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Pat

$500 Propane Cargostar

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I just picked up a single axle Cargostar to pull a manure nurse tank. I was told it has the big engine, and it's propane (might be tough if I run out at the wrong spot), 5 speed trans, hydraulic brakes, and what looks like a semi rear axle (considerably larger axle than the S1954 trucks I have). It drives ok and I'm sure it will work out for hauling manure - I needed a shorter wheelbase than my tandem with 20' box. Does anybody know what kind of mileage these propane trucks get? It has a large tank (maybe 50 gallons), but I have no idea how far that will take me. Also, was the large rear axle standard on these trucks - where they heavier than the 1900 series? I'd appreciate all the info I can get. I'll check for a model number tomorrow when it's light.

Thanks, Pat

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I drove LP rig for about 10 yrs and it got just a hair under what it would on gas as far as miles per gallon. Ran smooth as long as ignition was in good shape. Bad plug wires would put it popping through carb. I used to have a Cargostar---if that's the lightweight cabover. can't remember. It was a 66 cabover with a little 304 and a 2 barrel. Had a 5 speed on the column shift with a 2 speed with shift button on the dash. Took alot of gettin used to. Most people never seen anything like it. Was heavy on front axle and light in the rear--a real off roader for sure. Cab jack was a pain in cold weather as would pump but nothing happened. Steering was ---well---should not have been on the road if right people knew it. Box had a catch in it. Make a left curve and it would stick and you had to pull wheel back to go straight again. But, that thing ran like a sewing machine. Should have never gotten rid of it. Gary

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Mine has a normal floor shifter (or at least as normal as a COE shifter can be). We hooked a 3250 manure tank on the back of it (bumper hitch style) and it tended to spin the tires. That seemed strange with all the tongue weight, but I think it's as you were saying - front heavy. I wonder if fixing up a pickup truck style 5th wheel hitch would give me better traction.

Thanks, Pat

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We have a '64 'CO with a 304 2brl, 4 spd on the column. Like you say, it runs like a sewing machine. Still use it every year to bring the crop in. We also have a truck running LP. I think it gets a LITTLE bit less for miliage. Our is a hard starter if it sit's for more than 2 days. Have experienced the popping thru the carb due to bad plugs or wires on this one too. It runs good otherwise though. Oh by the way, the cab jack on ours is a pain too, it's my aching back!!! :wacko::P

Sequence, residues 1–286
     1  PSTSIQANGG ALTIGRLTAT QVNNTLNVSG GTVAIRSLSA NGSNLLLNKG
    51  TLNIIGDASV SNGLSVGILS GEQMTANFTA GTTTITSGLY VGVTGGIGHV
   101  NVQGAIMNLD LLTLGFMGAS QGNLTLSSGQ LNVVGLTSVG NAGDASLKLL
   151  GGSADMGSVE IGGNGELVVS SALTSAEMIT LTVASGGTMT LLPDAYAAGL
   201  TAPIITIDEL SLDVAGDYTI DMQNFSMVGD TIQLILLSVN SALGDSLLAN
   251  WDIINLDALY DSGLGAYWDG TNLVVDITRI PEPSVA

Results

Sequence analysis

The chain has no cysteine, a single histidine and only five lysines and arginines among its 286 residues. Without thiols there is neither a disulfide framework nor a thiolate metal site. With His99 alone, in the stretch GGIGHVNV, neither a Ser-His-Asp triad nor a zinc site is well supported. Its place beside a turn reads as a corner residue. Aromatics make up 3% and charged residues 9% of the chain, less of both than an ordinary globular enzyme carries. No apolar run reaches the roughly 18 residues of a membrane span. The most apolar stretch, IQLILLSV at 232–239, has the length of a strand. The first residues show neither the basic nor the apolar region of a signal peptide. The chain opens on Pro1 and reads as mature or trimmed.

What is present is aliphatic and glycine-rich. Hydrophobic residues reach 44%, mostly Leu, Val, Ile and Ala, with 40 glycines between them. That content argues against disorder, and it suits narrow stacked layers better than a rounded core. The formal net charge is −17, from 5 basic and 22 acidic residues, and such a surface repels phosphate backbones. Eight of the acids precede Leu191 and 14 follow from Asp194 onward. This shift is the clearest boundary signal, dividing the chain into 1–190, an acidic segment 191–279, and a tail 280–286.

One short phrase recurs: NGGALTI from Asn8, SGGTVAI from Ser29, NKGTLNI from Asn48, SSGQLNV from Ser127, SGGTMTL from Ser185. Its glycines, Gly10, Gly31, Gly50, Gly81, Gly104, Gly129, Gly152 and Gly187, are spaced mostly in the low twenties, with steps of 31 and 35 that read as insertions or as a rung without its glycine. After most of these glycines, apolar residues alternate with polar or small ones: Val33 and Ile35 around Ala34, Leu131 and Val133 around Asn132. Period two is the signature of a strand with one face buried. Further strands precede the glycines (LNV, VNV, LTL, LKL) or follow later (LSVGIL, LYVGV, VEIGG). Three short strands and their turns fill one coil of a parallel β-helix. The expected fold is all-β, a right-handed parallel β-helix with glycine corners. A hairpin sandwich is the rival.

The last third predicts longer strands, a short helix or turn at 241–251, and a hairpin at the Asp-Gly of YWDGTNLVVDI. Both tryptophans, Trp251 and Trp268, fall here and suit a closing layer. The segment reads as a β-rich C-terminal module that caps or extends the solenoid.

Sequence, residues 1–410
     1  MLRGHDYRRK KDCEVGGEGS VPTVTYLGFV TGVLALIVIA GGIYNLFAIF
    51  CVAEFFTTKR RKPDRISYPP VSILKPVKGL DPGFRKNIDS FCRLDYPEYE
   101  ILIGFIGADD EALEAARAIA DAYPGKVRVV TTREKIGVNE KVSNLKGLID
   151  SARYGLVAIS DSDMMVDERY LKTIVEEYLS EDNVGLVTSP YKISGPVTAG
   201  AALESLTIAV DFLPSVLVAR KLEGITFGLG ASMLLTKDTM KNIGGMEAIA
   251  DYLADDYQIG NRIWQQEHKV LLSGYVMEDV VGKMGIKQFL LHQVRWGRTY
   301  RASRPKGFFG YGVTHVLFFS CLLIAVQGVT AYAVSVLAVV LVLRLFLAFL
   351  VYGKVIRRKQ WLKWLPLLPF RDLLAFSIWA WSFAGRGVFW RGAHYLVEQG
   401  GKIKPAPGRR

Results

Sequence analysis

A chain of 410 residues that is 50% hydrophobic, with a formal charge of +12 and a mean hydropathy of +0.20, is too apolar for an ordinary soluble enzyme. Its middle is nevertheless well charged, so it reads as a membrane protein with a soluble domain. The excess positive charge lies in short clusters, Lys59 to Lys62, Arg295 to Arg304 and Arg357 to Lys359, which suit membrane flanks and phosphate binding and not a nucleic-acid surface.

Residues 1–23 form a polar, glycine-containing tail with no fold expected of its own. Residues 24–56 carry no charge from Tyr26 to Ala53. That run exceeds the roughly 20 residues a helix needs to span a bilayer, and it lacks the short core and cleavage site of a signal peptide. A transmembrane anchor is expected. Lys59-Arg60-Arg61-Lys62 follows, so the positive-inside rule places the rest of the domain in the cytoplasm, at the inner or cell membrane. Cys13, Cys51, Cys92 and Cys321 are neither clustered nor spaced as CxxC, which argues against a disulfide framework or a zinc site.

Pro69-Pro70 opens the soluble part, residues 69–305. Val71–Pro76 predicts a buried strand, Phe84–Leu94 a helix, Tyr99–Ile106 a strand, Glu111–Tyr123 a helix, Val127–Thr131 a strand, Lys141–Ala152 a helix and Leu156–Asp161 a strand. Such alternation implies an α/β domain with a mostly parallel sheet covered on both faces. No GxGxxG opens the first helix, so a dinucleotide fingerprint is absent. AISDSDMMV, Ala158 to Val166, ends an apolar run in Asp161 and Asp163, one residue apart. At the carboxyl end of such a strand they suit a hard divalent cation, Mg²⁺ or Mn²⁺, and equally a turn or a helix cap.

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I've heard the propane produces a lower number of BTU's per gallon when burned--something like 85% as much--compared to gasoline, hence you will get about 15% lower mpg and 15% lower power on propane.

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In my propane driving days I drove a duel fuel setup. I don't think I had 15% less but it was just enough that you could tell it. When in hilly country I'd switch over to gasoline for better pulling. Propane had it's plus points. On startup you could go back in house and let it warm up. Idle was picture perfect. On gasoline you no longer got inside --- it would start flooding out or something. gary

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I finally looked at the tag and it says it's a model 18108. I didn't have anything to write the VIN unfortunately, but what does 018108 mean?

Thanks, Pat

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I did some searching through Google and found a number of places that gave estimates of the performance of propane. The estimates were all over the place (depending upon how hard the site was pushing propane use, I think.)

Converted vehicles perform very much the same as gasoline vehicles. The most significant difference a driver may notice is a slight power loss. Propane use may result in power loss of up to 7 percent. http://www.propanecouncil.org/trade/fleet/...conversions.htm

Q. How does propane affect engine performance?

Fleet operators report horsepower and torque capability roughly comparable to gasoline. Because propane is a less dense fuel than gasoline, power might decrease slightly, but operators rarely notice this loss. Fuel economy on new engines is also comparable to that of gasoline.

http://www.npga.org/i4a/pages/index.cfm?pageid=623